Certain categories of student information are considered "open" or Directory Information. Directory Information may be published in a student directory or event program and released to the media and to the public for enrolled students.
Gonzaga University has designated the following information as Directory Information and will release this information, unless the student has submitted a request for non-disclosure:
- student name
- addresses and phone numbers
- email address
- place of birth
- major field of study
- dates of attendance
- full or part time enrollment status
- year in school (class)
- degree(s) received
- scholastic honors and awards received
- other educational institutions attended
- visual image
- weight and height of athletic team members
Restricting Release of Directory Information
A student may request that directory information not be released by so indicating and completing the Request for Non-Disclosure and submitting it to the Registrar's Office. The form is available in the Registrar's Office.
If a student elects Confidentiality/Non-Disclosure, any inquiry to the University about the student will be responded with "we have no information on the individual." If a student elects Confidentiality/Non-Disclosure, it remains in effect until the student requests its removal or the student is deceased. If it is not removed prior to or at graduation time, the University will not be able to respond to prospective employers inquiries.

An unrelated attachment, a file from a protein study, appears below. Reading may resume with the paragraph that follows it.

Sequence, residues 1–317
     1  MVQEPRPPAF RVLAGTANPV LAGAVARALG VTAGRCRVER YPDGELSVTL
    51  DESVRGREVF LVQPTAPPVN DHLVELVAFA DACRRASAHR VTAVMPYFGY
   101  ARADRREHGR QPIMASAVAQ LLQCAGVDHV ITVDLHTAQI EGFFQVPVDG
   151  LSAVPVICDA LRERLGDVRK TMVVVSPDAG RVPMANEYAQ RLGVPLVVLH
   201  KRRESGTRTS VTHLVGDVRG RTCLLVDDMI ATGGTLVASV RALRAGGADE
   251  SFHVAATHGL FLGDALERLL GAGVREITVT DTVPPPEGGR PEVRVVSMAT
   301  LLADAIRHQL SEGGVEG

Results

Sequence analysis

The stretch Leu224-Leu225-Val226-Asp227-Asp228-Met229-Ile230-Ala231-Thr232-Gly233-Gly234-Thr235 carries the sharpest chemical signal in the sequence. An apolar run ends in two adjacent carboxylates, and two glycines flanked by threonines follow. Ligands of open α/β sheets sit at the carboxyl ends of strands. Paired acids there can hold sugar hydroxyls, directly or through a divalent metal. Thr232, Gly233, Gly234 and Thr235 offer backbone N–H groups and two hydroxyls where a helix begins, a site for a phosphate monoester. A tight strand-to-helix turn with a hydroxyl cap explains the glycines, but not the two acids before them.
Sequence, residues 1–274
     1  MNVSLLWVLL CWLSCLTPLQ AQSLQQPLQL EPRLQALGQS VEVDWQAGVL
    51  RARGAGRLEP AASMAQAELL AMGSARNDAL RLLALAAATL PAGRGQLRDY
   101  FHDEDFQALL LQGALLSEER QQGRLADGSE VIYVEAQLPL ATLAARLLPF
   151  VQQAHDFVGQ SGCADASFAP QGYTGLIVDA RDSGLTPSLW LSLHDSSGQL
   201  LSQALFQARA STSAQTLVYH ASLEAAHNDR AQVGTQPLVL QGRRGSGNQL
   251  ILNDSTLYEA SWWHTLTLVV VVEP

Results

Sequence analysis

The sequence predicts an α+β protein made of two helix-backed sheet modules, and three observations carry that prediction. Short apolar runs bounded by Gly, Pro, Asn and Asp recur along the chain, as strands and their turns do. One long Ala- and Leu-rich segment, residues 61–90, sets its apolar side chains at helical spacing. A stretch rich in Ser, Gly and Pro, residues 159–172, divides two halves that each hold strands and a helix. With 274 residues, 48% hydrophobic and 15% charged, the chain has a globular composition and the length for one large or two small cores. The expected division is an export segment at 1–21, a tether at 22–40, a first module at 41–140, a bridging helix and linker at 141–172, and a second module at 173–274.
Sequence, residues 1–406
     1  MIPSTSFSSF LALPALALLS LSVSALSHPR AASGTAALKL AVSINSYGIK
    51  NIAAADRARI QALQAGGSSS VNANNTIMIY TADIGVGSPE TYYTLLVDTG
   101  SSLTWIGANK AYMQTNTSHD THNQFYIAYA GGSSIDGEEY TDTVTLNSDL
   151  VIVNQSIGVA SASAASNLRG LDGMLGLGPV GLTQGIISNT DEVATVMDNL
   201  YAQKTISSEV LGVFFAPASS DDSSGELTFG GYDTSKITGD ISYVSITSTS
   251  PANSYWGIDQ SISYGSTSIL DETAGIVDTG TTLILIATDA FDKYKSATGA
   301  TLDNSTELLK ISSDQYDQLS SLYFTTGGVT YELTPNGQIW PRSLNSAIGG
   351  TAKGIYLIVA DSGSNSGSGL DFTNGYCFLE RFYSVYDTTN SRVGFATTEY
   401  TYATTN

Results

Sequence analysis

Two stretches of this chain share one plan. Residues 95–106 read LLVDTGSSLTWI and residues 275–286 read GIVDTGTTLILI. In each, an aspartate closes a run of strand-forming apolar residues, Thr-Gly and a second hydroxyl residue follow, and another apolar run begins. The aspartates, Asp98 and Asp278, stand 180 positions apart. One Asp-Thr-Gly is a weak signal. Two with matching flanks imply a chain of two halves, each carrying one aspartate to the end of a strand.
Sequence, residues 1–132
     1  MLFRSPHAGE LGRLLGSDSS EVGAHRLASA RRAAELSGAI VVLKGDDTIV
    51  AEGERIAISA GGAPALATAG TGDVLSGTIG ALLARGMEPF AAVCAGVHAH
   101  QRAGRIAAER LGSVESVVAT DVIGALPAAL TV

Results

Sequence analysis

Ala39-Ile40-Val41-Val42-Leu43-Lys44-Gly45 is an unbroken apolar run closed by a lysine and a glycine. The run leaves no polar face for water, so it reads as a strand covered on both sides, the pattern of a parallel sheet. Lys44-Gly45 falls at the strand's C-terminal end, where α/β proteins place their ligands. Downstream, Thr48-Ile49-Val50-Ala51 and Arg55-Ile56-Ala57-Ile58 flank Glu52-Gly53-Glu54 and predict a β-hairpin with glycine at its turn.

Filing a Complaint
A student has the right to file a complaint with the U.S. Department of Education concerning alleged failures by Gonzaga University to comply with the requirements of FERPA. The name and address of the office that administers FERPA is:
Family Policy Compliance Office
U.S. Department of Education
400 Maryland Avenue, SW
Washington, D.C. 20202-5920
FERPA and its Impact for Faculty
Public posting of grades by student name, social security number, GU student identification number, or any other identifiable means, without written consent from the student, violates FERPA law. Numeric student identifiers are considered personally identifiable information and are in violation of FERPA. Instructor assigned numbers or coding is allowed as long as the order of the posting is not alphabetical.